WASHINGTON — Rep. Jeff Denham, R-Atwater, wants the federal government to shed its underused buildings, and now he's in a position to try to do something about it.
From Fresno's downtown courthouse to Washington's ornate Old Post Office, auditors have identified tens of thousands of public buildings emptier than they should be. Filling up the vacancies or getting rid of the superfluous is proving an elusive goal.
"Underperforming assets are costly to all taxpayers," Denham said Thursday. "The waste is significant."
Newly appointed chair of the House subcommittee that oversees public buildings, Denham convened his first oversight hearing Wednesday inside an empty, unheated annex to the Old Post Office on Pennsylvania Avenue. The stark setting was a deliberate theatrical touch, criticized as excessive by one Democratic lawmaker but undeniable in its impact.
"The sad fact is, there are buildings like this all over the country," Denham said.
Nationwide, auditors informed Denham on Thursday, the federal government owns 45,190 "underutilized" buildings that cost $1.6 billion annually to operate. They come in different flavors.
Some buildings appear too big for their current use. The $133 million Fresno courthouse, opened in 2005, spans 495,912 square feet. In large part because Congress hasn't authorized additional judges, only three of the Fresno building's six district court courtrooms are currently used, a 2010 audit noted.
Previous audits have identified myriad other underutilized federal properties in California, including Sacramento's courthouse, a federal building in Merced and land owned by the Department of Veterans Affairs in Fresno.
Even when government officials decide to sell excess property, it can take a very long time.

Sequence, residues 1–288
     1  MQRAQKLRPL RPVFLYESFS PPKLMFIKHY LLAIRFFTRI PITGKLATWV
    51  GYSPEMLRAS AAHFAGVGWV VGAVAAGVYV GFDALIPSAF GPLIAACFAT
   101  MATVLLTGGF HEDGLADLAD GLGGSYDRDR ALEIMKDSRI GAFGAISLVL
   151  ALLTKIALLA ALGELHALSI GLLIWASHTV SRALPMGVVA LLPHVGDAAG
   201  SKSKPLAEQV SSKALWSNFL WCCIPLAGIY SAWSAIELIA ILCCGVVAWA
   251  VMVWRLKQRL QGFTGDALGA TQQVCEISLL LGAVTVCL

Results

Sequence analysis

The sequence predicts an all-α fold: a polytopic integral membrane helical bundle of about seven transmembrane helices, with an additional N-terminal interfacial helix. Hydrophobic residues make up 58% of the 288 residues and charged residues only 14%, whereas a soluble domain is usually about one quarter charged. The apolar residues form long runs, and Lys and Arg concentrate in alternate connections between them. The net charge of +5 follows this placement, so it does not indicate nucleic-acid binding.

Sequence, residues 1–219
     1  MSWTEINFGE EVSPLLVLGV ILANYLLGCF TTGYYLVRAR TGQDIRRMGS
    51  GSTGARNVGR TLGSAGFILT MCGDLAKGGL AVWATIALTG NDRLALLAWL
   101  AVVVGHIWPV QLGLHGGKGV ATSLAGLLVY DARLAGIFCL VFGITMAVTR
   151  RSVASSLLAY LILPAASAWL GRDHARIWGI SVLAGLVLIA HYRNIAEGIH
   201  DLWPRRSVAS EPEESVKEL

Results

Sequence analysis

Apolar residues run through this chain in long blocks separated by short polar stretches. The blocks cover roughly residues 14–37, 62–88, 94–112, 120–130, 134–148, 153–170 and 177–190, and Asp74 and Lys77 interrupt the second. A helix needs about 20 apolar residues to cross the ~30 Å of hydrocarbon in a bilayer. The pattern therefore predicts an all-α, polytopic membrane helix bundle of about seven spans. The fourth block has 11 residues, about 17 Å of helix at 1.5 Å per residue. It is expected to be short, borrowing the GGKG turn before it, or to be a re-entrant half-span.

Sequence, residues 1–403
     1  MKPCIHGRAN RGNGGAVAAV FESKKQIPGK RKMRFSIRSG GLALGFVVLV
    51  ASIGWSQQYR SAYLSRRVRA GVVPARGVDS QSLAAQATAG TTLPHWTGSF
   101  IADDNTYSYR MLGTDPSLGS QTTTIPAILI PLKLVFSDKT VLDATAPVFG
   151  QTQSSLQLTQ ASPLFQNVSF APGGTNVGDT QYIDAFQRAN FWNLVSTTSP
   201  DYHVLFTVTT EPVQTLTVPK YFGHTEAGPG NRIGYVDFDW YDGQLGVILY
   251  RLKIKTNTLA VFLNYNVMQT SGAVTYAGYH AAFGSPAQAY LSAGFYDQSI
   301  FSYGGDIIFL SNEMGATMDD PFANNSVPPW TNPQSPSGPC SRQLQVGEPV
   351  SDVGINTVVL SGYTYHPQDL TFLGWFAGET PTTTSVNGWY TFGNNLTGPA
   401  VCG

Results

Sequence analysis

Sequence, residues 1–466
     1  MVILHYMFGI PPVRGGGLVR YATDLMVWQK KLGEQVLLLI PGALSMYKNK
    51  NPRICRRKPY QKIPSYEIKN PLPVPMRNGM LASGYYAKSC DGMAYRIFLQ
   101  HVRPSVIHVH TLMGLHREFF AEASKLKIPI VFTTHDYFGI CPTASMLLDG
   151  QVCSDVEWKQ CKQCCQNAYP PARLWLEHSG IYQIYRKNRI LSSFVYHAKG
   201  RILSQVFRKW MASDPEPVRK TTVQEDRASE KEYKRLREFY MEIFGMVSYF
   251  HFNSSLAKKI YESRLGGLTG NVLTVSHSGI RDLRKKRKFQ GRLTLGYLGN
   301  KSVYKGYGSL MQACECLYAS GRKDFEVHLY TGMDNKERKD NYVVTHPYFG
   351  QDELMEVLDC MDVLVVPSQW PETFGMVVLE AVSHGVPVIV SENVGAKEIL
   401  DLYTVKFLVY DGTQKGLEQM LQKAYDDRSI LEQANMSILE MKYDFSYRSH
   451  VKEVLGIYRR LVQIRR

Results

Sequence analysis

In 2007, for instance, the General Services Administration announced plans to sell the historic Modesto post office at the corner of 12th and I streets. In October, having been stymied the first time around for various reasons, officials renewed plans to auction off the 23,770-square-foot building erected in 1933.
"(The) GSA continues to hold numerous buildings that have been listed as excess for years," Government Accountability Office official David J. Wise testified Thursday, adding that "the lengthy disposal process may inhibit ... ability to achieve cost savings."
Wise attributed the delays to a combination of competing interests, a "complex legal environment" and legislative obligations. Real estate developers may have one idea for a property, while community activists may have another. Congress has imposed time-consuming requirements, like checking whether the property can be used for the homeless.
Denham said he's been frustrated so far in his efforts to secure a comprehensive list of the underutilized federal buildings, both in California and nationwide. Flexing his newfound chairman's muscles, he indicated Thursday that he might subpoena the documents he wants.
The surplus federal property problem has been noted by auditors for many years, and it is not directly related to the recent Sacramento controversy over former Gov. Arnold Schwarzenegger's bid to raise money by selling 24 state buildings. The idea was recently quashed by Gov. Jerry Brown.